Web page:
By Thanapat Thongpaiwan
with the aim to produce a workforce that meets the requirements of various industries especially in the automotive, food and agricultural technology, and electronics sectors.
The newly opened TVET hub was launched by Chevron (Thailand), the Kenan Institute Asia and the Rajamangala University of Technology Lanna (RMUTL).
The centre is part of the “Chevron Enjoy Science” campaign, following the success of STEM (science, technology, engineering and mathematics) hubs.
The US$30-million (Bt1.05-billion), five-year, public-private partnership campaign aspires to develop Thailand’s competitiveness and innovation by improving STEM and TVET hubs across the country. Other partners in the Chevron campaign include the National Science Technology and Innovation Policy Office (STI) and the National Science Museum.
Chevron’s business support general manager Artit Krichphiphat told a press conference at the RMUTL recently that the TVET hub project intended to have a positive impact on communities including in terms of education in what was deemed a crucial national agenda.
“We need to enhance workforce competency by training people with technical skills and STEM education so they can develop critical thinking and analytical processes towards innovation,” he said.
He said the project would not only serve the needs of industry but also allow skilled workers to apply knowledge to their everyday lives.
He said new hubs in Samut Prakan and Songkhla provinces were planned for later this year. With the Chiang Mai hub used as the model, six TVET hubs would be built within five years, he added.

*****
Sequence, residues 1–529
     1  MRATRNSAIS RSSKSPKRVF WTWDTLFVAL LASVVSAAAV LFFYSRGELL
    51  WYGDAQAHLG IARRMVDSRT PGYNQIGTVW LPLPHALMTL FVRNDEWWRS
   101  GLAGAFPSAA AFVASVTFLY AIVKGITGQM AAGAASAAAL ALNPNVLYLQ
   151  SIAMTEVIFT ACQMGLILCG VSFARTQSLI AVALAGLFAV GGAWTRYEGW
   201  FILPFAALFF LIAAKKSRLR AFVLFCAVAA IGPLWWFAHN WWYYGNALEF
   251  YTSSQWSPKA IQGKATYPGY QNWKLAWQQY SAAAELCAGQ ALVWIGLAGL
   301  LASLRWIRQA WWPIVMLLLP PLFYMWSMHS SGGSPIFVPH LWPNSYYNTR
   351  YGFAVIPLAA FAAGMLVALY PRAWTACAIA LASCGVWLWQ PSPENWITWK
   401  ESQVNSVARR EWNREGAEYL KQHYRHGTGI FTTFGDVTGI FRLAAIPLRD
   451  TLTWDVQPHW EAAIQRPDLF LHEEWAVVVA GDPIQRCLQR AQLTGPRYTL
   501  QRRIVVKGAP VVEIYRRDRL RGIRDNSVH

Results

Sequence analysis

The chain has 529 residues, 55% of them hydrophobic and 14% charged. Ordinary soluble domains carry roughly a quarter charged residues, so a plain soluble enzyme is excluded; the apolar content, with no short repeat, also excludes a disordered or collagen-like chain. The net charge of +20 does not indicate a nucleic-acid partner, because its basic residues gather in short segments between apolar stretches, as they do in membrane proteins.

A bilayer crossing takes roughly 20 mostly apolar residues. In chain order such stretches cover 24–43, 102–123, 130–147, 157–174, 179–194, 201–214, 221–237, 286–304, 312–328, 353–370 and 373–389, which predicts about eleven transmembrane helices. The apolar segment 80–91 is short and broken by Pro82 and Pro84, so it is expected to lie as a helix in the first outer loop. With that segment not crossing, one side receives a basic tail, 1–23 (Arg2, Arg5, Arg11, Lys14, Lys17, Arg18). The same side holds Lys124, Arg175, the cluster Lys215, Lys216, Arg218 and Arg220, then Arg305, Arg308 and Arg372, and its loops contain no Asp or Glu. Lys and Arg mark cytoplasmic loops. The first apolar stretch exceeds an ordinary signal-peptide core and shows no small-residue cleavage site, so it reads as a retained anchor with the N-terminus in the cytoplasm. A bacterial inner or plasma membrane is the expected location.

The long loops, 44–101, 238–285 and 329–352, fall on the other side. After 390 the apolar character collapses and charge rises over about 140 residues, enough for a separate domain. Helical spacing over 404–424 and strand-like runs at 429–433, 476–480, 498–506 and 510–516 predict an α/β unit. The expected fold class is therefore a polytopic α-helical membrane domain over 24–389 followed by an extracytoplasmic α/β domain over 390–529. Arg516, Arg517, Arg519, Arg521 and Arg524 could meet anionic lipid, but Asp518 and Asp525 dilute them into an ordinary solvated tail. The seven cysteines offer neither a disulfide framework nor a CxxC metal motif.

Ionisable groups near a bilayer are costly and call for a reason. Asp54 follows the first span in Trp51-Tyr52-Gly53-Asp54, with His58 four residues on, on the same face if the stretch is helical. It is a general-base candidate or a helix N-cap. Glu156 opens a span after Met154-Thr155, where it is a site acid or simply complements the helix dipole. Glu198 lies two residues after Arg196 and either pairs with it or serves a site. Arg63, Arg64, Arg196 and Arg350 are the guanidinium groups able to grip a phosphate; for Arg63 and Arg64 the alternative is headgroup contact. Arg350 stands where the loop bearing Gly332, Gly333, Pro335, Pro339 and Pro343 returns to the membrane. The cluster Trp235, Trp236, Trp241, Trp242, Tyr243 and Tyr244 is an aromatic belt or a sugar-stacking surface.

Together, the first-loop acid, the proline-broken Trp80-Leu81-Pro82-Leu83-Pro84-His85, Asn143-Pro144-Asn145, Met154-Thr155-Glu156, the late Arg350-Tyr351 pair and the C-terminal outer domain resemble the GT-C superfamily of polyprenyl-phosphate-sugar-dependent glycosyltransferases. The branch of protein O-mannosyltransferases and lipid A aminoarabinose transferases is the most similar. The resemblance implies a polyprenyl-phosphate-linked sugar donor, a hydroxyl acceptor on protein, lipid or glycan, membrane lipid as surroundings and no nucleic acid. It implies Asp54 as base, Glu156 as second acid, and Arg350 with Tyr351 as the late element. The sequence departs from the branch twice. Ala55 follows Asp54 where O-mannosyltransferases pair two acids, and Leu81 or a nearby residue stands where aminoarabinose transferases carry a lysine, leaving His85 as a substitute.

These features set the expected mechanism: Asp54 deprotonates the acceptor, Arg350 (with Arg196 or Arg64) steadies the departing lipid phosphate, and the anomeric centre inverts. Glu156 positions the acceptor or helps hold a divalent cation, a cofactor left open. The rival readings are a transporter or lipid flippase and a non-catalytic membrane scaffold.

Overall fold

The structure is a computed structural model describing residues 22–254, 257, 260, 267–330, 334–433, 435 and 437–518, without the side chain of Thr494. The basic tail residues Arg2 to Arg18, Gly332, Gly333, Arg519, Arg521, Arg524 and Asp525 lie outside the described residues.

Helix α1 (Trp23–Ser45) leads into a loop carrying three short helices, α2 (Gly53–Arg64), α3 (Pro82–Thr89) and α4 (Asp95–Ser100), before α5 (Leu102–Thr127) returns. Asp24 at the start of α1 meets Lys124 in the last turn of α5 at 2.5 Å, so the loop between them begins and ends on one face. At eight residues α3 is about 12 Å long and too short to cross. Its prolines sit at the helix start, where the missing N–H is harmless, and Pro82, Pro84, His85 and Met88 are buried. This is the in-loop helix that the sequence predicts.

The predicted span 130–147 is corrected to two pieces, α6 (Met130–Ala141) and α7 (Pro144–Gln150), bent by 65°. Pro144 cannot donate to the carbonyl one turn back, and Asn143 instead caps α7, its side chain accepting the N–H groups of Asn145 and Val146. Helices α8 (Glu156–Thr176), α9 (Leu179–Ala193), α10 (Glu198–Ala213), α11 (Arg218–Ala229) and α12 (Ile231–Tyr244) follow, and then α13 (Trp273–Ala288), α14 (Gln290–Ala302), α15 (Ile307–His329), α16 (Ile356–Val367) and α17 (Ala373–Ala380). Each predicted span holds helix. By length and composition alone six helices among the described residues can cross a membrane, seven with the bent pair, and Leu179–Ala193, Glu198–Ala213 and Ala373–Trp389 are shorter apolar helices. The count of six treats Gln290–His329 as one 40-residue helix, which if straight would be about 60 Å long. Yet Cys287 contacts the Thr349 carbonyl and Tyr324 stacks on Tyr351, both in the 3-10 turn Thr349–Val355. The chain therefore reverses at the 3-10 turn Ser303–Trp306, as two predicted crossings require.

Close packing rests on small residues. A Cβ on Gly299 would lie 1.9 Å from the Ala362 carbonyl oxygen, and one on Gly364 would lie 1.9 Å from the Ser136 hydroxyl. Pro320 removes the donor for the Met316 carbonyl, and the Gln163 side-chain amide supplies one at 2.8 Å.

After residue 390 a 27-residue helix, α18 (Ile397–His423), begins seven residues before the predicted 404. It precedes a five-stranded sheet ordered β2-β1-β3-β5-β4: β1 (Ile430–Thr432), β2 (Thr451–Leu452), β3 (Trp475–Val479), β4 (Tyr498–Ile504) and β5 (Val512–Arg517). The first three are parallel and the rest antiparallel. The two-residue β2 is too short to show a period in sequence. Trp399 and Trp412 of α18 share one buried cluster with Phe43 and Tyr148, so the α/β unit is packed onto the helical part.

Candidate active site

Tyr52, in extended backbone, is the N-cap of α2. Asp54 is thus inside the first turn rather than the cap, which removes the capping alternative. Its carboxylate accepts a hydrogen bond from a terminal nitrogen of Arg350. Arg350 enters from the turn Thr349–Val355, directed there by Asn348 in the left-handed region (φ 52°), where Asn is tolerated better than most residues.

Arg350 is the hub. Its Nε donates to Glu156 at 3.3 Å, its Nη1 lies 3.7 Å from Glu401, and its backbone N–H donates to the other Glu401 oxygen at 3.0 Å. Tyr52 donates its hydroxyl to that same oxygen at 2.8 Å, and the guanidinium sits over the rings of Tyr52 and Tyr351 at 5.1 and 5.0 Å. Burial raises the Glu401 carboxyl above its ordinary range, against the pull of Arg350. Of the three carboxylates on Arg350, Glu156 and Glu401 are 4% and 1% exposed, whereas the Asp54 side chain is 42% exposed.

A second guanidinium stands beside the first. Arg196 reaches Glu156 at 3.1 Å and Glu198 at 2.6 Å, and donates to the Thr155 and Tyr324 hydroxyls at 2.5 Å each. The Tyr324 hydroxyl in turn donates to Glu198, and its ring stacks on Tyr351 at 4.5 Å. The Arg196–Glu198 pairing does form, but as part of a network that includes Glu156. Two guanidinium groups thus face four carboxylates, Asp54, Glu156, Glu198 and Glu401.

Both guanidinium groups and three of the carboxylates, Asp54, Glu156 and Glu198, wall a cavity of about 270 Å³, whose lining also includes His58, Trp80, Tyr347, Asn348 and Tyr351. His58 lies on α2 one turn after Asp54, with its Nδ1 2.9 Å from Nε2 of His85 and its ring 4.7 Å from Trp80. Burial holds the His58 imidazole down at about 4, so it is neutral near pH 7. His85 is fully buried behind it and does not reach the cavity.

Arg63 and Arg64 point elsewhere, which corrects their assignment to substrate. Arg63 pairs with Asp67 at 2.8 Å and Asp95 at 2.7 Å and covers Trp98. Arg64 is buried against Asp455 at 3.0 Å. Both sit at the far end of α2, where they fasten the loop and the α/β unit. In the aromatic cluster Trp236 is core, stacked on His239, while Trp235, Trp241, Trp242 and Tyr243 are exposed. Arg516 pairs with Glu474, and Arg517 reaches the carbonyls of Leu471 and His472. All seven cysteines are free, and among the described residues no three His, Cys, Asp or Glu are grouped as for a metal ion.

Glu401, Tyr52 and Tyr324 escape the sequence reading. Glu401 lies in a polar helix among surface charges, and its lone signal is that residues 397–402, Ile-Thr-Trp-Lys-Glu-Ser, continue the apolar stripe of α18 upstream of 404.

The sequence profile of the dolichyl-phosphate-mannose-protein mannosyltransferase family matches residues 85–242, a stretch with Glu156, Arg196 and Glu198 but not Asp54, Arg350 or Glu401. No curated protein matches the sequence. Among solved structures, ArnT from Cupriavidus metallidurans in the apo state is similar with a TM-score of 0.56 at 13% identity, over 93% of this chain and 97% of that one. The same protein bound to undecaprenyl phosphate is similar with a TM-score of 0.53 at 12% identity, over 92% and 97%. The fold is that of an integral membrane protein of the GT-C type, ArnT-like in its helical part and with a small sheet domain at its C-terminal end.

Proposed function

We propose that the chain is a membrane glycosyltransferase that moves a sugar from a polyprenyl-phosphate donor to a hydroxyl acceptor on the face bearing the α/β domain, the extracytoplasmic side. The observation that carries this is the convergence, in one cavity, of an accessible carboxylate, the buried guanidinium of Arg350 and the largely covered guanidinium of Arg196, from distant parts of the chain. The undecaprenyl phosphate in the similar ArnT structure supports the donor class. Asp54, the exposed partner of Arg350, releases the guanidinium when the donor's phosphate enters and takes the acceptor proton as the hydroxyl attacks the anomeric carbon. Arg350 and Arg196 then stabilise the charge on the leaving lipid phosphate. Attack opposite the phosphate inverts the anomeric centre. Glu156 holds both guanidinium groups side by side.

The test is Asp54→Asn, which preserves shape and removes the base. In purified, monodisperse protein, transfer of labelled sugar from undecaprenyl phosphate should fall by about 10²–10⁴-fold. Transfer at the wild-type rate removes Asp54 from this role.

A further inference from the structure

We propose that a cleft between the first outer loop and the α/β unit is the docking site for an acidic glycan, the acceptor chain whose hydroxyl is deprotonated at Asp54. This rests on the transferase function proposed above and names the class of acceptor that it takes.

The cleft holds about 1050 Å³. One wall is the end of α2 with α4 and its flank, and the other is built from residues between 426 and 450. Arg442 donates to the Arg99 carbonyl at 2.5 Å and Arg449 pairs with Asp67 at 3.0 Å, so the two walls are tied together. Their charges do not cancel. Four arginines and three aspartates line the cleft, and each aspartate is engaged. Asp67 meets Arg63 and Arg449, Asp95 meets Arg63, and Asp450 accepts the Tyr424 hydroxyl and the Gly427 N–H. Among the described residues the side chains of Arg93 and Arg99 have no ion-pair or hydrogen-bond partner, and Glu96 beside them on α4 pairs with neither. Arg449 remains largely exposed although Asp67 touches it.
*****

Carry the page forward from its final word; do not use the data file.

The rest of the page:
Kenan Institute Asia president Piyabutr Cholvijarn said vocational education in Thailand faced a shortage of skilled and experienced teachers, modern tools and equipment, and connectivity with business. “We should apply STEM learning as the foundation in vocational education,” he said.
“The hub will be a base for the sustainable development of teachers and students through better equipment and knowledge to cater for the demand of industries in the fast-changing world.”
RMUTL president Assoc Prof Dr Numyoot Songthanapitak said the Chiang Mai hub would serve as a cooperation centre among industries and associated schools, a training centre for teachers and students, and a research and development centre for improving teaching curricula.
“RMUTL was selected to be a hub because it is ready in terms of personnel, location and equipment, which can lead to the project’s sustainability,” Numyoot said, adding that the hub would work with 13 schools and five vocational institutes in eight northern provinces.
“The TVET hub will allow teachers to experience and practise technical work in real workplaces, which will in turn equip them with industry-specific knowledge that they can transfer to their students later,” he said. “The hub will serve as a vocational learning centre which is fully equipped with industrial tools, meaning students and teachers are given firsthand experience in performing some industrial-specific tasks such as drafting, designing, moulding and 3D printing.”
STI secretary-general Kittipong Promwong said the country’s industrial sector needed more than 100,000 skilled workers while the quality and quantity of the technical workforce were far behind demand. “The establishment of the TVET hub is the cornerstone of high quality technical-workforce production to drive the country forward as per the technology and innovation-oriented Thailand 4.0 policy,” he said.
Ratchanon Techapom, 17, a first year pre-engineering vocational student at RMUTL, said: “I feel excited to practise in the TVET hub because there are a lot of new tools and equipment I can try to use.”
RMUTL vocational teacher Jakkarin Intrasri, 26, said: “Students will experience how to work in actual workstations, and they will be trained to think and solve problems.”